A Sign Schedule is required to provide important information about the signs being proposed. It provides information such as Sign Copy area, whether a sign is illuminated or not, but most importantly the type and quantity of signs being proposed. These include: Wall Signs, Ground Signs, Roof Signs, Highrise Signs, and Freeway Signs.

​How to Obtain a Permit for Signs​ (7)
Table 1. Sign Permit Fees.

Fee Type


Plan Check


Awning or Wall Sign - Non-Electric1$652.00n/a
Awning or Wall Sign - Non-Electric2 to 5 ea.$652.00 + $73.00/ea.n/a
Awning or Wall Sign - Non-ElectricEach Add (6+)$652.00 + $290.00/ea.n/a
Wall Sign Electric (component, remote supply, self-contained)1$652.00$290.00
Wall Sign Electric (component, remote supply, self-contained)2 to 5 ea.652.00 + $73.00/ea.$290.00 + $145.00/ea.
Wall Sign Electric (component, remote supply, self-contained)Each Add (6+)$652.00 + $290.00/ea.$290.00 + $145.00/ea.
Banner Signs – Each Per Banner District1$507.00n/a
Freeway SignsEach$544.00$290.00
Roof / Projecting Signs - Non-Electrical1$652.00n/a
Roof / Projecting Signs - Non-ElectricalEach Add (2+)$652.00 + $290.00/ea.n/a
Roof / Projecting Signs - Electrical1$652.00$290.00
Roof / Projecting Signs - ElectricalEach Add (2+)$652.00 + $290.00/e$290.00 + $145.00/ea.
Ground Signs - Non-Electrical1$798.00n/a
Ground Signs - Non-ElectricalEach Add (2+)$798.00 + $362.00/ea.n/a
Ground Signs - Electrical1$798.00$290.00
Ground Signs - ElectricalEach Add (2+)$798.00 + $362.00/ea.$290.00 + $145.00/ea.
Wall Sign – High RiseEach$798.00$145.00

Previous Versions of this Information Bulletin

This section contains previous versions of this Information Bulletin by the last day they were effective.

  • 2024-06-30 |IB-111
​How to Obtain a Permit for Signs​ (2024)


How much is a sign permit in Texas? ›

Outdoor Advertising Signs
Permit FeesCost
Application fee for Permit$100.00
Annual Permit Renewal fee$75.00
Late fee for Annual Permit Renewal$100.00
Permit Transfer fee$25.00
2 more rows

What is signage in business? ›

Business signage is any type of graphic display that communicates a message to a target audience. It is the most effective and least expensive form of advertising for a small business. Signage includes outdoor signs, window displays, informational signage, digital signage, and more.

Do I need permission for a sign? ›

Any signage found inside your retail space or business property doesn't need planning permission, but it is worth noting that there are some forms of signage that are a legal requirement, such as safety signage.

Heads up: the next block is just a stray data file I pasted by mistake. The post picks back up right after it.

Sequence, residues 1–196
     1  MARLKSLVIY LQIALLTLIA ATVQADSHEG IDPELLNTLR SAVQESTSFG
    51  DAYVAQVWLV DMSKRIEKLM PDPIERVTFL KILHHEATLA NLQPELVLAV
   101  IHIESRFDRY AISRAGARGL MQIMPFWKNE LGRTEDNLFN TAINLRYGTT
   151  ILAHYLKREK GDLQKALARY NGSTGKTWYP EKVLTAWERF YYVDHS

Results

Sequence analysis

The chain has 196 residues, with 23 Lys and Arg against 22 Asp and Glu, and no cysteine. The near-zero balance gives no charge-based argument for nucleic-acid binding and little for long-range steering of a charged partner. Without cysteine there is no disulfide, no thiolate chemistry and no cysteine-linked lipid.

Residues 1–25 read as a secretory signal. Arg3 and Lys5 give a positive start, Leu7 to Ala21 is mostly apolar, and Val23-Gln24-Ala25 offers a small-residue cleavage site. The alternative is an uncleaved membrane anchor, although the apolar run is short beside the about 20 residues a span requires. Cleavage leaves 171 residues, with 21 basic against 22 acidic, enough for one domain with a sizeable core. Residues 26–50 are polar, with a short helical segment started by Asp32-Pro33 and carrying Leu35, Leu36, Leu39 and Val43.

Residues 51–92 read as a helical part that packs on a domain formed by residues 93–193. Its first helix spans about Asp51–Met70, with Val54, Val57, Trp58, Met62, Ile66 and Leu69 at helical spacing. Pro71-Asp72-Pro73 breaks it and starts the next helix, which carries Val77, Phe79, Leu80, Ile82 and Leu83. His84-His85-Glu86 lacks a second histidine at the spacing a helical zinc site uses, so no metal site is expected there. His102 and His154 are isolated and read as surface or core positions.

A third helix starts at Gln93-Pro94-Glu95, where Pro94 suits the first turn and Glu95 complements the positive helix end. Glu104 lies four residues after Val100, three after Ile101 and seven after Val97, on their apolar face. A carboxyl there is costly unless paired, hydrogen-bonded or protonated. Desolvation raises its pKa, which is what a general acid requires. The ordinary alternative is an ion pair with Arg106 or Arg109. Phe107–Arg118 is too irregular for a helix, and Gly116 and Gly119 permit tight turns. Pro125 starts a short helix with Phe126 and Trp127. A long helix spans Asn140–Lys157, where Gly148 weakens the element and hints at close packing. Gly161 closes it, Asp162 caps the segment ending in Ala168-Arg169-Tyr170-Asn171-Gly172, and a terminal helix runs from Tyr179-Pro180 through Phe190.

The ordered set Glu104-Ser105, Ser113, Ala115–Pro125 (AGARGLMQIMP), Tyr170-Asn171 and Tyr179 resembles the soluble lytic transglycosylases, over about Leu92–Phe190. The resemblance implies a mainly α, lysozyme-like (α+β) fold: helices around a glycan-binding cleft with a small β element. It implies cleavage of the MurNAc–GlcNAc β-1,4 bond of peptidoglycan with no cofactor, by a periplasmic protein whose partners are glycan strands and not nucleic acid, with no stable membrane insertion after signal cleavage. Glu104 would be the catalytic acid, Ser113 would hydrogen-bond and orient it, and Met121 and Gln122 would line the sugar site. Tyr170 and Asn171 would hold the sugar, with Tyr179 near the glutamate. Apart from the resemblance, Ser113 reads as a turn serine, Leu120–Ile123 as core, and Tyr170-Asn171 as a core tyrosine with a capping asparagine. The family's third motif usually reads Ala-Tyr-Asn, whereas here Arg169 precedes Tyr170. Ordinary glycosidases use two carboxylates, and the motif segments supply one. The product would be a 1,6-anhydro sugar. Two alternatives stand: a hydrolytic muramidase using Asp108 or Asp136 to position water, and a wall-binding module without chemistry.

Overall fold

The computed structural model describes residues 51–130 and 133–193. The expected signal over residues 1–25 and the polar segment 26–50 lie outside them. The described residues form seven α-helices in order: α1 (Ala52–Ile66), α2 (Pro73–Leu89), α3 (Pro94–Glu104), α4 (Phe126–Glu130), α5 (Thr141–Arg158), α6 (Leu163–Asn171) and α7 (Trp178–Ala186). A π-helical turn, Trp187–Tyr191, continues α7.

How much does a permit cost in Texas? ›

Visit your local Texas DPS office with the appropriate paperwork. If not completed with your driver's ed course, take and pass a written knowledge exam. Pay the $16 learner license fee.

What are the three main categories of signage? ›

Most signs can be broken down into three main categories. Directional (wayfinding), informational (operational) and promotional. All of these signs need to be consistently branded, easy to read and citizen focused.

What is the difference between signage and signing? ›

The term 'sign' refers to a singular piece of equipment. On the other hand, signage refers to the many signs a company uses in their marketing equipment. Other display elements, such as banners and portable trade show displays are also classified as signage.

What is signage in law? ›

Signage and Sign Permits Definition: Any publicly displayed information that's presented in the form of words, symbols and/or pictures and is designed to advertise your business. Sign permits provide legal permission to post such information.

How much would a sign cost? ›

The diverse factors in producing the sign affect its final price. A business can expect to spend anywhere from a few hundred dollars to upwards of $20,000 for a sign. An average-sized sign made from quality materials can range in price from $2,300 to $3,400.

How much does it cost to hang a sign? ›

Normal range: $181 - $751. The average business owner spends about $430 for sign installation. Depending on the specifications of signage, the average cost for commercial sign installation is between $181 and $751 .

How much does it cost to make an outdoor sign? ›

Free-standing signs vary from $150 to $400 per square foot depending on complexity. The cost per square foot goes up with complexity, but goes down with size.

Can you put signs on public property in Texas? ›

Unlike wildflowers that are welcome anywhere, putting campaign signs on public lands is illegal. So before you plant that sign, learn the law and keep Texas beautiful. TxDOT only regulates campaign signs under chapter 394 of the Texas Transportation Code.